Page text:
Andrew Jackson: Zero of the People!

What is this "Constitution" you speak of?

He was a voice for the common man... as long as you're white.

During his presidency, Andrew Jackson lifted property requirements, therefore expanding the right to vote to all white men. It was touted as a really big deal at the time, touting Jackson as a "voice for the common man," but if you really think about it, the expansion was actually kind of small on the road to equality. The ladies of America still couldn't vote for nearly a century afterwards, and slavery was still far from gone. I guess a better term for Jackson would be "the champion of lazy white guys still living in their parents' basement everywhere!" Equality? Yeah, sure Jackson...

He ordered the removal an entire people to get more land we didn't need!

Throughout much of early American history, white settlers had been quarreling with the Native American tribes for land and resources, with examples of the clash dating back as early as the settlement of Jamestown. But by far one of the biggest offenses has to be Andrew Jackson's forced relocation of the Cherokee to "Indian Territory" (modern-day Oklahoma) along the Trail of Tears. Not only did he order the removal of an entire people to an unfamiliar land with insufficient resources and shelter, he did so against the ruling of the Supreme Court, therefore making his actions unconstitutional. This begs the question: If Jackson is such a hero, then why would he forcibly move a people from their homeland through terrible weather conditions to a new territory on the grounds of a personal prejudice and the promise of gold? Well, you sure can't blame it on Van Buren...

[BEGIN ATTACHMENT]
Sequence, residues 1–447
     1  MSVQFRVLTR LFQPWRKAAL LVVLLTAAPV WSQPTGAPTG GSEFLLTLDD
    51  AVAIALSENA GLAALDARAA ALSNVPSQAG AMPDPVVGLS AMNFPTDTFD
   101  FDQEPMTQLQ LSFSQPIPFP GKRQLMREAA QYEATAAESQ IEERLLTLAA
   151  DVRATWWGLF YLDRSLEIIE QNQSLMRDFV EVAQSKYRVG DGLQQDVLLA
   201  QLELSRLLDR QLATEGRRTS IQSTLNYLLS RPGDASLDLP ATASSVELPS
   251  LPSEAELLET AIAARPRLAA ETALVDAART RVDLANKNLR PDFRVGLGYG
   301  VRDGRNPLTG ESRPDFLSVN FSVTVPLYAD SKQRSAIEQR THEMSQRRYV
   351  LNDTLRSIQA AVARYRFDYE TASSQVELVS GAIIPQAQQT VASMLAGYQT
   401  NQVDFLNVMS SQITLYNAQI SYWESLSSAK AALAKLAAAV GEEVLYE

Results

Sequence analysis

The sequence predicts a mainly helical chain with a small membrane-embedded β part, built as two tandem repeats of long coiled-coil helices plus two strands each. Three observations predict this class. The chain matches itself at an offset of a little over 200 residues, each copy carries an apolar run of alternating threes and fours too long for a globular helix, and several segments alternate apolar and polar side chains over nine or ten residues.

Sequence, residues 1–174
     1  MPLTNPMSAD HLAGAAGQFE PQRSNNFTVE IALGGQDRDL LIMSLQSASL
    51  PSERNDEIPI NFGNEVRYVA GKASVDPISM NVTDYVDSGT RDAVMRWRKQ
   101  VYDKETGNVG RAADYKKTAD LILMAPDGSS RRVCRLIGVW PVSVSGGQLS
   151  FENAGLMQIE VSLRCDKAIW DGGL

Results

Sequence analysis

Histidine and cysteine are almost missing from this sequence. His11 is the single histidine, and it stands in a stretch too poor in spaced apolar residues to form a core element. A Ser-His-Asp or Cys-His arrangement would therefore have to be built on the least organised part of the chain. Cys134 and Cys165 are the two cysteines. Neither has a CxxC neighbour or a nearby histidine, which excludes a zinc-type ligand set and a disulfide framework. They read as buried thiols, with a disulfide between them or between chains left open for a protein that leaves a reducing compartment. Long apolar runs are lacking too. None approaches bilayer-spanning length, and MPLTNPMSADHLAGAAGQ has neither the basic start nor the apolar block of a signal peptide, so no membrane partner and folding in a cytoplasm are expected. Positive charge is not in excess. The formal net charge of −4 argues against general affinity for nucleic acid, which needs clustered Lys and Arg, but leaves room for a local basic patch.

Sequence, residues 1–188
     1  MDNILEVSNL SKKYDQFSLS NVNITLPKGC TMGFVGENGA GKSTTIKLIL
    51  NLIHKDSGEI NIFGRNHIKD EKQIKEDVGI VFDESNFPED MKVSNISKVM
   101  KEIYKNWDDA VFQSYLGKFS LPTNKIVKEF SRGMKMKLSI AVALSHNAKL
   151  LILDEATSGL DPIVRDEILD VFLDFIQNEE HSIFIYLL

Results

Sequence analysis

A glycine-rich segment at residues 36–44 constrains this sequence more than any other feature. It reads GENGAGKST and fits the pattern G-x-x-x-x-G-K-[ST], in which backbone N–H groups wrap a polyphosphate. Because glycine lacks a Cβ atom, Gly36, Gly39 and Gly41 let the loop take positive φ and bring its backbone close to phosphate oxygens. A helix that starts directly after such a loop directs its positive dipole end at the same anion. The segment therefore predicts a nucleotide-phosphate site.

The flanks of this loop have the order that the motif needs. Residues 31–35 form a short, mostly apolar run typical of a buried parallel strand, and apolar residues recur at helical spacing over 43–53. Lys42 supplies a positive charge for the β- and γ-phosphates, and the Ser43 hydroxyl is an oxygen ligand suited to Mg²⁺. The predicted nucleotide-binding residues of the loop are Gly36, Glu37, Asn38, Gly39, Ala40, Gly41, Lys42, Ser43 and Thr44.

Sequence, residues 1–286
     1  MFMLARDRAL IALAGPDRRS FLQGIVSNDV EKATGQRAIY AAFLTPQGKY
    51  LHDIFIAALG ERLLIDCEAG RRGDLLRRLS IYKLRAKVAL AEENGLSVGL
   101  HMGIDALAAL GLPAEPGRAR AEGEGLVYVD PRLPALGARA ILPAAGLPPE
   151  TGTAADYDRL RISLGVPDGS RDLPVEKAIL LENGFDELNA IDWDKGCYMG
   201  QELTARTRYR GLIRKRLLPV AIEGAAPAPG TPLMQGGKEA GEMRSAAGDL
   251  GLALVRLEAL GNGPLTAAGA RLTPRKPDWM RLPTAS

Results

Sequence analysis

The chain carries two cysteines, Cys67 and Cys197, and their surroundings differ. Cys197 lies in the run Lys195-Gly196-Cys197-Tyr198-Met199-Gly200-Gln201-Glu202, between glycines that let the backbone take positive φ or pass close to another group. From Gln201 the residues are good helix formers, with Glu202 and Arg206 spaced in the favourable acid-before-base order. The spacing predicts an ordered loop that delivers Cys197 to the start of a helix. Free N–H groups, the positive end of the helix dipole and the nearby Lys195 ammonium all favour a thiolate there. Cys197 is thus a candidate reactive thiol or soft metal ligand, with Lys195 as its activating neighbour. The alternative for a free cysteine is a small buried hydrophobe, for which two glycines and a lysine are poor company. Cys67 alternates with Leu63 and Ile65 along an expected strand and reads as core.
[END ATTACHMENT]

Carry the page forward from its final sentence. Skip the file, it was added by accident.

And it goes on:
He Placed a Tariff on Imported Goods the South Relied On And Enforced Them At Gunpoint!

One of the many controversial acts Jackson passed during his "king-but-not-a-King" presidency was "The Tariff of Abomination" (also known as the Tariff of 1832). Tariffs were a pressing issue in early America, with the North mainly supporting protective tariffs on imported goods, as they helped ensure the growth of domestic businesses and American industry. However, the South had a HUGE problem with the tariffs, as since they were a mainly agricultural region, they still relied heavily on imported goods. Therefore, when Jackson passed the "Tariff of Abomination", the South was understandably quite furious. So furious, in fact, that South Carolina declared that they had nullified the tariff, and threatened secession if the government tried to interfere. Jackson, in an effort to try and get South Carolina to pay, passes the Force Bill, which said that Jackson could enlist the help of the US Army to help them pay (because what's more persuasive than the barrel of a gun at the back of your head?), and everything was beginning to turn into a big mess. Cue Henry Clay, King of Band-Aids, to draft the Compromise of 1832, which said that the North would take more of the protective tariffs to compensate. Everything was patched up for the time being... but every band-aid must sooner or later be ripped off...
Age of Jackson: Crash Course US History #14

Nullification Crisis Cartoon

This cartoon illustrates the economic differences between the northern and southern states, with the north occupying an industrial niche in the national economy, while the south mainly relied on agricultural business and imported goods from Europe, and further illustrating potential reasons why the South disagreed with the Tariff of 1832.